Want to know about the latest break-in/burglary in your town? Come to the meeting. Find us out on Facebook at Stamford Vermont Crime Watch (which includes Clarksburg news).
We held our second Stamford/Clarksburg Crime Watch meeting. Clarksburg Police Chief Michael Williams addressed the group of 20 serious and committed residents. Great information was given out about the latest confirmed break-in/burglary on East Road in Clarksburg that occurred yesterday (Friday, Dec. 11).
Members are getting more organized and the next Community Watch meeting is scheduled for Saturday, Jan. 16, at 1 p.m. at the Stamford, Vt.) School. We expect a big turnout at the next meeting, because attendees said they were committed to making their community aware and getting involved. Signs will be posted at Billmont's Country Store in Stamford and the Clarksburg Town Hall. All newspapers will be contacted as well as all the schools.
The meeting agenda included a review of key points raised at the first meeting; a handout on how to form a neighborhood watch; a request for volunteers; information on a reward related to a Clarksburg break-in and a handout on suspicious behavior and activity; and an update on the new Web site, www.TownCrimeWatch.com, from which 10 e-mail alerts have been sent since the first meeting.
Volunteers are needed to help set meeting dates/locations and attend, promote meetings and raise awareness, make and distribute fliers, sign-ups for email alerts, organize meetings and set the agenda, contribute to ideas for the group's success, type minutes and organize refreshments.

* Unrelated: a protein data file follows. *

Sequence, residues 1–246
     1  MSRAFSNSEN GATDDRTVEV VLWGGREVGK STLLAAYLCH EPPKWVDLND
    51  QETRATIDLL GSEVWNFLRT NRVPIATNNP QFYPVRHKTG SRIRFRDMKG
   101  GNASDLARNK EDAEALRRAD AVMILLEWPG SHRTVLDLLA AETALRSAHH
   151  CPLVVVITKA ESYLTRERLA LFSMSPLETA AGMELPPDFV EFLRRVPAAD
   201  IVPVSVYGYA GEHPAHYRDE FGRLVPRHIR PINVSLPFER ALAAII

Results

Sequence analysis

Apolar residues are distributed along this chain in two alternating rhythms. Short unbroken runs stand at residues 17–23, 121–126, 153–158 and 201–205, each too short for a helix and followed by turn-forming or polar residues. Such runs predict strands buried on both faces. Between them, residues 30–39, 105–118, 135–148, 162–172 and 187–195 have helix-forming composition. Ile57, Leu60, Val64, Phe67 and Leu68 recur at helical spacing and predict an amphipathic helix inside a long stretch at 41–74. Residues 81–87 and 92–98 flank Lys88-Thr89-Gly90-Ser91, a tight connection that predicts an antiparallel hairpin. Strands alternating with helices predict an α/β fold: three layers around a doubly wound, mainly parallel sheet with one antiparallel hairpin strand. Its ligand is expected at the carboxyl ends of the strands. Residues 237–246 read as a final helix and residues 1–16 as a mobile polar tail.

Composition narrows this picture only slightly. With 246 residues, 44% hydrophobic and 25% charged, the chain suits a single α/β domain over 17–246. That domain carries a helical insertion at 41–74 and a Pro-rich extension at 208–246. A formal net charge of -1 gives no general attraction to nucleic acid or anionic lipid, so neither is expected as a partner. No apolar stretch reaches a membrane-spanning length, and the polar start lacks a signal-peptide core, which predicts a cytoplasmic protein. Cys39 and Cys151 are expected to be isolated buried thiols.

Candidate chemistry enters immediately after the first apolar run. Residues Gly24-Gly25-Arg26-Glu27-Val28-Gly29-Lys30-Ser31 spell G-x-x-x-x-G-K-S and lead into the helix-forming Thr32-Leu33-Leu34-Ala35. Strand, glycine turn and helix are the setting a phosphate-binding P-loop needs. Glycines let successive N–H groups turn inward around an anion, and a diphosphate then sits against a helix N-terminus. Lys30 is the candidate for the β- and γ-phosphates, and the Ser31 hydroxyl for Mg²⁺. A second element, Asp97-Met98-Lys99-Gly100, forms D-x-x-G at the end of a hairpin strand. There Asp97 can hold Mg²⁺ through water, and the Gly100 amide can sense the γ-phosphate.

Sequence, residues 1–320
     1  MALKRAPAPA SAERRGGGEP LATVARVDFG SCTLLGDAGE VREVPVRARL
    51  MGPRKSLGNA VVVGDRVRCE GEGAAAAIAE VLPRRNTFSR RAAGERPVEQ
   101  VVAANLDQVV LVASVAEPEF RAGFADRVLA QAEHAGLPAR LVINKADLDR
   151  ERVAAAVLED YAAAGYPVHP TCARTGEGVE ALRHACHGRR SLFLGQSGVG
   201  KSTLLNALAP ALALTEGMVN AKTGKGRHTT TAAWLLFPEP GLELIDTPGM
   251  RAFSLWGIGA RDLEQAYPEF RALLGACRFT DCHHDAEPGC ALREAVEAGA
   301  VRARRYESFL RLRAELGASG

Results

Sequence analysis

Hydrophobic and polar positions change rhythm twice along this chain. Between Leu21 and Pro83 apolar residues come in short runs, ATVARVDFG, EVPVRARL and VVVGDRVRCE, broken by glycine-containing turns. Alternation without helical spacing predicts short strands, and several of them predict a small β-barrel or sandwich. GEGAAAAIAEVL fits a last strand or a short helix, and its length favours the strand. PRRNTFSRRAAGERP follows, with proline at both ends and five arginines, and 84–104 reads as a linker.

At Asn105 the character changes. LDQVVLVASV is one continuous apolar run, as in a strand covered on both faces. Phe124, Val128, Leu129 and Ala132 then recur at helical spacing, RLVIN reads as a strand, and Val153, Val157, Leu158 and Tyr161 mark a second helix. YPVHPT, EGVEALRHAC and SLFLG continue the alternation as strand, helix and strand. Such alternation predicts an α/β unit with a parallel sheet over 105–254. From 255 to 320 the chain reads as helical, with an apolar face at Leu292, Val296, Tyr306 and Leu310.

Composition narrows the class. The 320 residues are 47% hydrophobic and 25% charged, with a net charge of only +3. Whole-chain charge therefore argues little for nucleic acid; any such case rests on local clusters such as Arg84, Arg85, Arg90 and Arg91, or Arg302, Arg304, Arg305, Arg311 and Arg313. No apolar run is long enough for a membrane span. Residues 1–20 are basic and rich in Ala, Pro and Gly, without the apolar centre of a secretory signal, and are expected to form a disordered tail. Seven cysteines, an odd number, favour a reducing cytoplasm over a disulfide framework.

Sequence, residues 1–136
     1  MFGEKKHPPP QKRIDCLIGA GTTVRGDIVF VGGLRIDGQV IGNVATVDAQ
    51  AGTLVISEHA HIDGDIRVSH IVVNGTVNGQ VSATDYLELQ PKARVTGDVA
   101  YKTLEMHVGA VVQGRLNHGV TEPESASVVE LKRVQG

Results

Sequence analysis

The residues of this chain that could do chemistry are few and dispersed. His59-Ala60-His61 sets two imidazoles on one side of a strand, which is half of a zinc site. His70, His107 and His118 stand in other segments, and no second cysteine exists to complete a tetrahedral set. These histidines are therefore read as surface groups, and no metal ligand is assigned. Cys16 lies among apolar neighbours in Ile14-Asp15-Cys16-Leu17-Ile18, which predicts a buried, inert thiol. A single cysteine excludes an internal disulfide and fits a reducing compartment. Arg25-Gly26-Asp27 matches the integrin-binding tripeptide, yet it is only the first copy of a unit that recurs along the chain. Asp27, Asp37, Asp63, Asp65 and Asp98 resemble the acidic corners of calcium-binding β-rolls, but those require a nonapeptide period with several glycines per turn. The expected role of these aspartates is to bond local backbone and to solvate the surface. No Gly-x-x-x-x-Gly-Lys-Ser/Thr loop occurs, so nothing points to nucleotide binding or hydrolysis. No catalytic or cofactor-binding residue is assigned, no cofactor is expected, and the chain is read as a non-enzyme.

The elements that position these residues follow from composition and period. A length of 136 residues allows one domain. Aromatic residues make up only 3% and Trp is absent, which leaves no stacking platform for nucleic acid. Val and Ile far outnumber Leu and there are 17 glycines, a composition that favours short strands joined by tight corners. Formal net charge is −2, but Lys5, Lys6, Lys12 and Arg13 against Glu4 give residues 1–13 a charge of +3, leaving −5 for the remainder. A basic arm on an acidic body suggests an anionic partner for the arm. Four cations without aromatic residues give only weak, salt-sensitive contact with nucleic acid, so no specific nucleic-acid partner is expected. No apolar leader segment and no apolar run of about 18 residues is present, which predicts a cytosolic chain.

To report information, leads and tips to police, contact the non-emergency numbers:
Vermont State Police: 802-442-5421
Clarksburg Police: 413-663-7795
Editor: Meeting attendees are welcome to share what they learned by posting below. We've also been told, unofficially, that a break-in occurred in the town of Florida two weeks ago. Thanks to the Crime Watch for helping us keep everyone updated.
Clarksburg and Stamford, Vt., residents can now keep up with local crime-watch events through a new Web site, Neighborhood Watch.
The site includes feeds of a Facebook page created shortly after several reported burglaries in the two towns, contact information for the two town's crime watch groups, how to report a crime and tips to prevent becoming a victim.
To post to the site, you must become a fan of Town Crime Watch on Facebook.
According to a post on the site, Clarksburg Community Watch members are planning a $1,000 reward for the arrest and conviction of what they believe is a second burglar.
Police say Stefan Veremko of Pittsfield is connected to multiple break-ins in the county, including at least two of the four recent ones in Clarksburg. His girlfriend, Tara Malloy, a former Clarksburg resident, has been cooperating with police and is expected to be charged as well.
Vermont State Police say Veremko will also be charged with two break-ins in Readsboro, two in Searsburg and one in Stamford. Stamford has had two recent break-ins.
A number of Clarksburg residents believe that another person is responsible for those burglaries so far not connected to Veremko.